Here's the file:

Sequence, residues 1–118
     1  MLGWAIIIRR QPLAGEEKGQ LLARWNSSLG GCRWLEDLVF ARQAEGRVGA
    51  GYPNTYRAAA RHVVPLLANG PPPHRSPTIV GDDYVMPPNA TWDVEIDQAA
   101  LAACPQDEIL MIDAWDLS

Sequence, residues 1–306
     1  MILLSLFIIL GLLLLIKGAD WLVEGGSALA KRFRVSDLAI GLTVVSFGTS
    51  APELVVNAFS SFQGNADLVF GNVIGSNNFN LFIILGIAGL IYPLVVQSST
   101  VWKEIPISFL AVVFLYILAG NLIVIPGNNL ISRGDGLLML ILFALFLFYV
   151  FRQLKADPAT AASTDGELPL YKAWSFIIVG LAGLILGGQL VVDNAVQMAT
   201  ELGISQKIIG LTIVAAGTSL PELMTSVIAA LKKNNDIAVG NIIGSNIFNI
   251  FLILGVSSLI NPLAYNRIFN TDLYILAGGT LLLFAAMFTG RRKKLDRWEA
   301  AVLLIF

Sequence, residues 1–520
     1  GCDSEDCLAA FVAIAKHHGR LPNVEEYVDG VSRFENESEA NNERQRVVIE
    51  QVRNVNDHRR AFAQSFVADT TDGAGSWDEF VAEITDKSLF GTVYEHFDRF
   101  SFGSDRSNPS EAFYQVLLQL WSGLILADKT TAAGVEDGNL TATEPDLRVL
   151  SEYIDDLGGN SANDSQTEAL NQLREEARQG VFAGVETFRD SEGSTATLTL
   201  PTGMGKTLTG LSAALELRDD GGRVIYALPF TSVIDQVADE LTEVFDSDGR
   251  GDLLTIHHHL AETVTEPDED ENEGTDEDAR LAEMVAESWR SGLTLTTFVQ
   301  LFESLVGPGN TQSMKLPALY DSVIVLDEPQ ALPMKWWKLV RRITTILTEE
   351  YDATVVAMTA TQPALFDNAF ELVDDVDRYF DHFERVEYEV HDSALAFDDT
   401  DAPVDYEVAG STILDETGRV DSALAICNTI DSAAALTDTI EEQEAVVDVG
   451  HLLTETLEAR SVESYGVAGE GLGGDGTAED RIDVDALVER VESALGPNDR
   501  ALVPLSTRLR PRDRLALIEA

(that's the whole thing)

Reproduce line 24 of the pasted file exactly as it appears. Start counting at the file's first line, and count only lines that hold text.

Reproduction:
   501  ALVPLSTRLR PRDRLALIEA